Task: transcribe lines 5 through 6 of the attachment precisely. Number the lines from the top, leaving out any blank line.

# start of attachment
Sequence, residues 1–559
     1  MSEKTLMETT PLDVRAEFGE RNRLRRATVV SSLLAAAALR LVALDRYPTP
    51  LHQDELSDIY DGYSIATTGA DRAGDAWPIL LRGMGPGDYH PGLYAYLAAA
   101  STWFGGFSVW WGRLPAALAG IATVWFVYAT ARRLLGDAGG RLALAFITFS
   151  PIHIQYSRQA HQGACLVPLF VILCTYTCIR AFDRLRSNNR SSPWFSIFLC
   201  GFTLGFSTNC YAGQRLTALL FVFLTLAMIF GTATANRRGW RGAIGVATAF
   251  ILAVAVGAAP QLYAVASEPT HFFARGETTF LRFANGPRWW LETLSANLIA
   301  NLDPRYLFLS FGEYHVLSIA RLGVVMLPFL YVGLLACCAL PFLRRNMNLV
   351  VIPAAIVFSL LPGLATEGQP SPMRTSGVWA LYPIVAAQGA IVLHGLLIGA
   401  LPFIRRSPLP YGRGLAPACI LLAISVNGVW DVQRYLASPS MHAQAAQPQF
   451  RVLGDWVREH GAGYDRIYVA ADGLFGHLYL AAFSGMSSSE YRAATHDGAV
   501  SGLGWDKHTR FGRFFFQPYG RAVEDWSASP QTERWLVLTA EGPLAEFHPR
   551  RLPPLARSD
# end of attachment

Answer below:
   151  PIHIQYSRQA HQGACLVPLF VILCTYTCIR AFDRLRSNNR SSPWFSIFLC
   201  GFTLGFSTNC YAGQRLTALL FVFLTLAMIF GTATANRRGW RGAIGVATAF